Norwegian startup Spiff launched on Wednesday a mobile savings service for women, saying it was the first such offering in the men-focused investment world.
“Banks and financial institutions have never made products that speak to people. We want to change saving habits in the word, we want to help people save”, founder and CEO Carl-Nicolai Wessmann, told ArcticStartup in an interview.
The offering will be a ‘simple and fun savings service’ which will focus on products like low-cost index funds. The management of funds will be outsourced to old financial groups, with Spiff acting as the easy-to-use front office.
Spiff raised seed round of around $500,000 last year from investors in Norway, Spain, France, Denmark and the United States.
“Europe is the first big market for us after we test in Norway. As soon as we have the product which works without bugs we will take to the next big market: France or Spain, we are still considering which one”, Wessmann said.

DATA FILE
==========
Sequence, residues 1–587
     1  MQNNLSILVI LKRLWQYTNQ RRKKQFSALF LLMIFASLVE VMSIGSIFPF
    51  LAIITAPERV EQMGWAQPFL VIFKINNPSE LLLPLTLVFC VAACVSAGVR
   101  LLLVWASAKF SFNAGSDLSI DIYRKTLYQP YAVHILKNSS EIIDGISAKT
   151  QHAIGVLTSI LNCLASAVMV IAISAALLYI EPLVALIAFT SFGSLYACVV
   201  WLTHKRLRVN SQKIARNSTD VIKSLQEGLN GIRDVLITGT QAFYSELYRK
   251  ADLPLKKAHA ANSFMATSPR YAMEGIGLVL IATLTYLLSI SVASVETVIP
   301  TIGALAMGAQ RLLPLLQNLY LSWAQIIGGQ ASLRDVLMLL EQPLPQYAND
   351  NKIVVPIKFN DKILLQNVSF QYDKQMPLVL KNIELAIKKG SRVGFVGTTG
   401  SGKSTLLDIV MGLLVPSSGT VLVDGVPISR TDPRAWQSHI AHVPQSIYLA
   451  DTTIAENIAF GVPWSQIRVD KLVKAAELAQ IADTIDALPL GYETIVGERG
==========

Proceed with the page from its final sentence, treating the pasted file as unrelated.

After launching alpha version of the app on Wednesday it plans next to launch closed beta in Norway and then raise next financing round.
The ambition level is set high: Spiff aspires to be the world’s leading saving service for the mobile generation.
“Old-fashioned banks invest so much money in fintech these days. They understand they need to change. So the old-fashioned banks will be Spiff’s natural competitors. There will be a big fight between startups like Spiff and incumbents for who can actually speak to consumers”.